On the morning of trial in this case, and before the presentation of any evidence, the Glissons moved for judgment in their favor and dismissal of the complaint. The Glissons relied upon two documents from the 2012 case: their motion to dismiss or for summary judgment and the order granting the motion. The Glissons contended that in granting their motion in the 2012 case the court had entered a judgment in their favor and that Nationstar was therefore required to have mailed a new paragraph 22 notice of default. Nationstar was relying on the notice mailed prior to the filing of the 2012 case and had not mailed a second paragraph 22 default notice. Thus, the Glissons argued that the court was required to enter judgment in their favor based on Schindler v. Bank of New York Mellon Trust Co., 190 So.3d 102 (Fla. 4th DCA 2015).

         In opposition to the Glissons' motion, Nationstar argued that the 2012 case order was not an adjudication on the merits; rather, it was a dismissal without prejudice. And, as argued by Nationstar, a dismissal without prejudice of a prior foreclosure action does not require the mailing of a new, postdismissal paragraph 22 default notice. Nationstar relied upon the holding in Sill v. JPMorgan Chase Bank, National Ass'n, 182 So.3d 851 (Fla. 4th DCA 2016).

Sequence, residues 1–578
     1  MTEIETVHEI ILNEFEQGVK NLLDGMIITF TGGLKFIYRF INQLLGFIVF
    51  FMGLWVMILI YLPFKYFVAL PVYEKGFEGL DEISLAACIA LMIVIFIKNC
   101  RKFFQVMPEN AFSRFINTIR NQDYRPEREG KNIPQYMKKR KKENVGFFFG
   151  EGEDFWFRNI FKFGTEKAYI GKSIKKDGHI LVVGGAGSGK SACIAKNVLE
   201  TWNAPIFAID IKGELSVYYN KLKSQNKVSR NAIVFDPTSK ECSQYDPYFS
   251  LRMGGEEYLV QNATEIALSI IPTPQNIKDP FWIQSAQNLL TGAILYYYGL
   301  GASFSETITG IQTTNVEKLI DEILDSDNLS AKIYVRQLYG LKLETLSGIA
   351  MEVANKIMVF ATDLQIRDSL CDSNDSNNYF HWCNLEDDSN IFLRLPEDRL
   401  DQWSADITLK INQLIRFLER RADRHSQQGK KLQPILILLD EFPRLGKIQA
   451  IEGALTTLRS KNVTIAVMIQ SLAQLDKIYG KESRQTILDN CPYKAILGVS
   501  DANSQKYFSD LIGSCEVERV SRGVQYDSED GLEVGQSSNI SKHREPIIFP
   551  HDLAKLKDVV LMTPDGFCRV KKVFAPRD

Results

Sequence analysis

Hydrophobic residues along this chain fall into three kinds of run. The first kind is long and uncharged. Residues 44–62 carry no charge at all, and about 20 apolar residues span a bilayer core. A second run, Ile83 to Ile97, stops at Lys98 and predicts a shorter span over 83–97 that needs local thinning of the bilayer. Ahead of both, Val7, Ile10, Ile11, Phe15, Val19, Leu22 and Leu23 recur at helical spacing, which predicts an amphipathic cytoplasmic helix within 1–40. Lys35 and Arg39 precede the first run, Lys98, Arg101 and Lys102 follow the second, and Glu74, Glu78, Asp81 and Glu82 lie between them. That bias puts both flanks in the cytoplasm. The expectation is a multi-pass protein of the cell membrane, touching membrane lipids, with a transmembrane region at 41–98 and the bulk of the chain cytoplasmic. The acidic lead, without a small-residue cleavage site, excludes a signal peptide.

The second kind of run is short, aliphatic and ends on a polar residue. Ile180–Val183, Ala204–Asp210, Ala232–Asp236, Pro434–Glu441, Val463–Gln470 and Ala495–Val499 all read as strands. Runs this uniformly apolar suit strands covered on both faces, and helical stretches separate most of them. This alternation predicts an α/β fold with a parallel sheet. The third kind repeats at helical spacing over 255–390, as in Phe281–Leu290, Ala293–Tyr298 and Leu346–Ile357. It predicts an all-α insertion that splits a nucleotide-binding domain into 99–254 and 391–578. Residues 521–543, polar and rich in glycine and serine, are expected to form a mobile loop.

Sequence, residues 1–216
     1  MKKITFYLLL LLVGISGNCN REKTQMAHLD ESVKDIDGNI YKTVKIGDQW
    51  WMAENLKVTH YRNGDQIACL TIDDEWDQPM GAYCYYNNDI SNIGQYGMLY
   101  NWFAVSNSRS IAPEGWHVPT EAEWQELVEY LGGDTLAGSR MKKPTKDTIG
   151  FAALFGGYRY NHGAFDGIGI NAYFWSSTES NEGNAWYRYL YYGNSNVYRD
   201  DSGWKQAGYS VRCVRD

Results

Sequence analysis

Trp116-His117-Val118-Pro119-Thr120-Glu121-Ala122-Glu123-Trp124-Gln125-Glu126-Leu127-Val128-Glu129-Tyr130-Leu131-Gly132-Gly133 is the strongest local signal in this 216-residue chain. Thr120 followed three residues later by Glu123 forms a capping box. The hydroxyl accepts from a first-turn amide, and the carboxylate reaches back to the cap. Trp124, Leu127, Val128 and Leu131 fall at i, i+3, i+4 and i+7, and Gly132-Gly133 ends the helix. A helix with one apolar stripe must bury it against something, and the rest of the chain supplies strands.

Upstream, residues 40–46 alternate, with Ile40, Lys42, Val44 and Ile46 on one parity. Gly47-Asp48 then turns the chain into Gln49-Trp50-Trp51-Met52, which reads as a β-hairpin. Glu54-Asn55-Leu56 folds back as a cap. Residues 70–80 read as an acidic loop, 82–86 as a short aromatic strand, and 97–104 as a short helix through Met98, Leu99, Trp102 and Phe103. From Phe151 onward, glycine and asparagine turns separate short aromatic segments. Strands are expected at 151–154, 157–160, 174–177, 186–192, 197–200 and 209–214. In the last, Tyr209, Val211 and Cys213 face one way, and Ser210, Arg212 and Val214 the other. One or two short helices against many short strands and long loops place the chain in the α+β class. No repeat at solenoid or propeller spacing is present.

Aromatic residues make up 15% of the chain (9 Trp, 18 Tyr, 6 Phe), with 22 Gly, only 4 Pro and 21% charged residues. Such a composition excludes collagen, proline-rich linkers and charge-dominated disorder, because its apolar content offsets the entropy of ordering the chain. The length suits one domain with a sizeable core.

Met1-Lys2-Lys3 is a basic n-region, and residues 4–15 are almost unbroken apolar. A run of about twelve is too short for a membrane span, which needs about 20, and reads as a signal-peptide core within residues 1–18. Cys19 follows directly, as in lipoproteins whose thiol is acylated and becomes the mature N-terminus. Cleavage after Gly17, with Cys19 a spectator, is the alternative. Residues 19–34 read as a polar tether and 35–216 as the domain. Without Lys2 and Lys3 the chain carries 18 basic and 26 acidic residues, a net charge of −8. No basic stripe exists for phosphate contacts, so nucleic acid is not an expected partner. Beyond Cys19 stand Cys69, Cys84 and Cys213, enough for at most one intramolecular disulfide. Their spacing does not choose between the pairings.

The trial court granted the Glissons' motion, finding that Schindler controlled and that Nationstar was required to have mailed a new paragraph 22 default notice in order to have complied with the terms of the mortgage and to maintain the second foreclosure action. A judgment was entered in favor of the Glissons, and it is from that judgment that Nationstar appeals.

         Consistent with its argument below, Nationstar contends on appeal that the trial court should not have granted the Glissons' motion and entered judgment in their favor because a new paragraph 22 notice is not required where the prior lawsuit had been dismissed without prejudice and not adjudicated on its merits.